Today's Reading Assignment
Gateway Pundit has the best summary I've seen on the circumstances behind President Bush's decision to declassify the 2003 National Intelligence Summary on Iraq. As you'll recall, the information was provided to The New York Times after former Ambassador Joe Wilson began spouting lies about his infamous trip to Niger, the person who recommended him for that mission, and Iraq's potential interest in yellowcake from that African country.
Against that backdrop, Mr. Bush decided to defend himself by declassifying intelligence information on the subject. Note the word "declassify." As Vice President Cheney (and others) have noted, the President and V-P have the authority to declassify and release sensitive information. Any suggestion that release of the NIE (by then VP Chief of Staff Scooter Libby) was a classified "leak" is completely false.
As Gateway Pundit reminds us, the NYT, WaPo and other media outlets don't normally have a problem with leaks; indeed, they've feasted on them for years. But when a report or estimate is declassified to debunk claims that are demonstrably false--and undercut the credibility of a left-wing icon--well, that's a different matter altogether. Ditto for a President using that information to defend his decision to take a nation to war.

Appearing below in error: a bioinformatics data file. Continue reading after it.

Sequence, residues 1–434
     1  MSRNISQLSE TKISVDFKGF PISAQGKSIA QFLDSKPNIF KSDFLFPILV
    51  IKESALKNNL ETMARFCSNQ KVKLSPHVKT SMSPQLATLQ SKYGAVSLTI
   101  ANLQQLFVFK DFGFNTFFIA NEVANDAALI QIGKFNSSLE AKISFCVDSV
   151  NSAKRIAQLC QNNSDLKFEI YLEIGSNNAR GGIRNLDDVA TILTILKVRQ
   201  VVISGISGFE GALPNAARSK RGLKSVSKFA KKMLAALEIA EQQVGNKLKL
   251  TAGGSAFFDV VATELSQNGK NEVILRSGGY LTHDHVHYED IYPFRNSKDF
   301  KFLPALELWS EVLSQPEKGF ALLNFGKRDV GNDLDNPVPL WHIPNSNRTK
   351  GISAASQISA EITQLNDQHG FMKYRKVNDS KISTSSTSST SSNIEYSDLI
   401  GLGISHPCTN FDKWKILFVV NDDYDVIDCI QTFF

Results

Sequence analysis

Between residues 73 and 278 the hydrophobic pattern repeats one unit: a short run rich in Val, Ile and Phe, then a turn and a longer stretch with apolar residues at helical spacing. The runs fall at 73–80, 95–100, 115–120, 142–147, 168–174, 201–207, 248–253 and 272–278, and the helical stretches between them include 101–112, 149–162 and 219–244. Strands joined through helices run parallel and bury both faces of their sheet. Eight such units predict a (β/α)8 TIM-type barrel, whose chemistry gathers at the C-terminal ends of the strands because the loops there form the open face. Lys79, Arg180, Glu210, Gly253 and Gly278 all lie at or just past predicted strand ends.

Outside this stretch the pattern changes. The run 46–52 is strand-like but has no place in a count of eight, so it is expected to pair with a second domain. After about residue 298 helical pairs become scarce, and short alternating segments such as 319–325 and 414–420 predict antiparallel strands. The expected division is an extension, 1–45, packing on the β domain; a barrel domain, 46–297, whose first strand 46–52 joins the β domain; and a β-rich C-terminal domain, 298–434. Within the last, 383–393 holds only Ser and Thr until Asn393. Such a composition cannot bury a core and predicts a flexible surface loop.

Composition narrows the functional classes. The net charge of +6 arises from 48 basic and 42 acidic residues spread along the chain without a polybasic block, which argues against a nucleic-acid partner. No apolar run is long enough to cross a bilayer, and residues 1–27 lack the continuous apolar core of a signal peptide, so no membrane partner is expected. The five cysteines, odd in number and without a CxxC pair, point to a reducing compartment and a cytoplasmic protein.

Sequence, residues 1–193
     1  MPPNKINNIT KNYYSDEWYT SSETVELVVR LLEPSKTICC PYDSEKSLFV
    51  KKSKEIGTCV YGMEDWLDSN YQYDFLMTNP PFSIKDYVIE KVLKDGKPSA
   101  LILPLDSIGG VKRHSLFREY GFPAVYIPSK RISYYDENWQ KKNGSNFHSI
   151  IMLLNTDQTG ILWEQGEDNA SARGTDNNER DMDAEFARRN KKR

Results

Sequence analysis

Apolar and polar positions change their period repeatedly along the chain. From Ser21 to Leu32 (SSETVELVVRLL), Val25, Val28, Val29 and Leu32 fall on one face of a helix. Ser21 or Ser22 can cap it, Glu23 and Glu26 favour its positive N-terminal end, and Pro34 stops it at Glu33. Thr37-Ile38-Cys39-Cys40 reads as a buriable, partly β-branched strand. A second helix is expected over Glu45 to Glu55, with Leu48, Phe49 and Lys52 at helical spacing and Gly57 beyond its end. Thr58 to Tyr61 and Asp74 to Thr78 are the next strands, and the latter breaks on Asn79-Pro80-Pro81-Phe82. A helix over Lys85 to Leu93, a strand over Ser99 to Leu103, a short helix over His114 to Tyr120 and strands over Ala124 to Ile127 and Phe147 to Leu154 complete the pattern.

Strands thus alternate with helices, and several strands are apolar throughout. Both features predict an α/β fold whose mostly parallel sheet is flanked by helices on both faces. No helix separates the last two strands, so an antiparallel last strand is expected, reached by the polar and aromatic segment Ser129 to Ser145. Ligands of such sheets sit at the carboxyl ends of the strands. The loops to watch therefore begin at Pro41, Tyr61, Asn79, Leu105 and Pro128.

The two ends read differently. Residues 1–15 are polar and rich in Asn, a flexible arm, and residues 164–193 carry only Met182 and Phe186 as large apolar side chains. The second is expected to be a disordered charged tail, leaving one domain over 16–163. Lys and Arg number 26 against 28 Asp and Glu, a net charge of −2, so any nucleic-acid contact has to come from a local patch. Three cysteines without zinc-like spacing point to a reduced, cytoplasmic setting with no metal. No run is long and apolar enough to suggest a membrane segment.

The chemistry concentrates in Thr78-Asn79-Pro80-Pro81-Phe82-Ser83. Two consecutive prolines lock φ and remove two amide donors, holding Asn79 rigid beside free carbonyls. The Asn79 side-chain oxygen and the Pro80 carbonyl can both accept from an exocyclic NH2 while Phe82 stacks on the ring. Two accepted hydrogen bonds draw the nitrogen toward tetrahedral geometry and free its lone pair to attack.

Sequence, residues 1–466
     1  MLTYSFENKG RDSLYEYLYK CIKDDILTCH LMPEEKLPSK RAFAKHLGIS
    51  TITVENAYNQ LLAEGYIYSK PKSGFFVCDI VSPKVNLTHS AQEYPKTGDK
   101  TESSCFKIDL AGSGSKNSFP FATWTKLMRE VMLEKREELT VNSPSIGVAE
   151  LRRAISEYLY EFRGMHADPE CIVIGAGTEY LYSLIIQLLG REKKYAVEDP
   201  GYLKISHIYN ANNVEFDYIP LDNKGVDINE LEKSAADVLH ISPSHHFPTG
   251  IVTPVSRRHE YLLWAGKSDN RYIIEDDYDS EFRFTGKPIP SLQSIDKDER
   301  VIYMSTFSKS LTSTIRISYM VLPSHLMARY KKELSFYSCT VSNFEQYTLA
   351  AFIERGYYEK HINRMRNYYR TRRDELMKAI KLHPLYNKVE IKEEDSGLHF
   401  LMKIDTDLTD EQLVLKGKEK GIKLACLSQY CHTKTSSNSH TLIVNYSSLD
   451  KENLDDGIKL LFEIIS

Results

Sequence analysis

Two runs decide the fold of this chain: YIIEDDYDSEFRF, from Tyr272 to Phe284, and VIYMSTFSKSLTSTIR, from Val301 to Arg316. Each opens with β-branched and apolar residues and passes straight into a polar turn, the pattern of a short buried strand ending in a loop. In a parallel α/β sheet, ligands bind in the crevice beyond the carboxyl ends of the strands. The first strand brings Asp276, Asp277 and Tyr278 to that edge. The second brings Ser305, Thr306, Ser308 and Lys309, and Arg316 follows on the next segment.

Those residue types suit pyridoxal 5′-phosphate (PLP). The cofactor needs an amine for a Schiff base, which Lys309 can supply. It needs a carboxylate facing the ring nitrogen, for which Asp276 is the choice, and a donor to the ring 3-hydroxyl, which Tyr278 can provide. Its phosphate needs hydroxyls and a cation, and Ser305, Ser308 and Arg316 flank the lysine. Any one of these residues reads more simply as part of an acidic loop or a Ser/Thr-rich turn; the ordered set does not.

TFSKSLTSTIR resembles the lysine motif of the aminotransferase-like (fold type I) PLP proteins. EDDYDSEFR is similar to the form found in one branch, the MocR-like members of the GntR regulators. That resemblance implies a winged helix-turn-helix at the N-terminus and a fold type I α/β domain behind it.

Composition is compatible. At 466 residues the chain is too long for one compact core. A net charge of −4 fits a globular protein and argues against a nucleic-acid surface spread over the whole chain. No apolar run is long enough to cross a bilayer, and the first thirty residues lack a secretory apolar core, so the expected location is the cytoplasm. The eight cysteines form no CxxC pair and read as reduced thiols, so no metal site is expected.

As a former spook, I still have great reservations about the declassification and release of sensitive information. But there is no doubt (legally) that the President had the right to release the NIE, and using the report to knock down Joe Wilson's lies is a strong justification for declassification. Unfortunately, the release of the Iraq NIE is yet another example of "how the game is played" in Washington, and will inspire future administrations to declassify sensitive data, for more partisan reasons. Democracy will always demand a surprising amount of secrecy, but you can't tell that to the folks inside the beltway.
Hat tip: Powerline.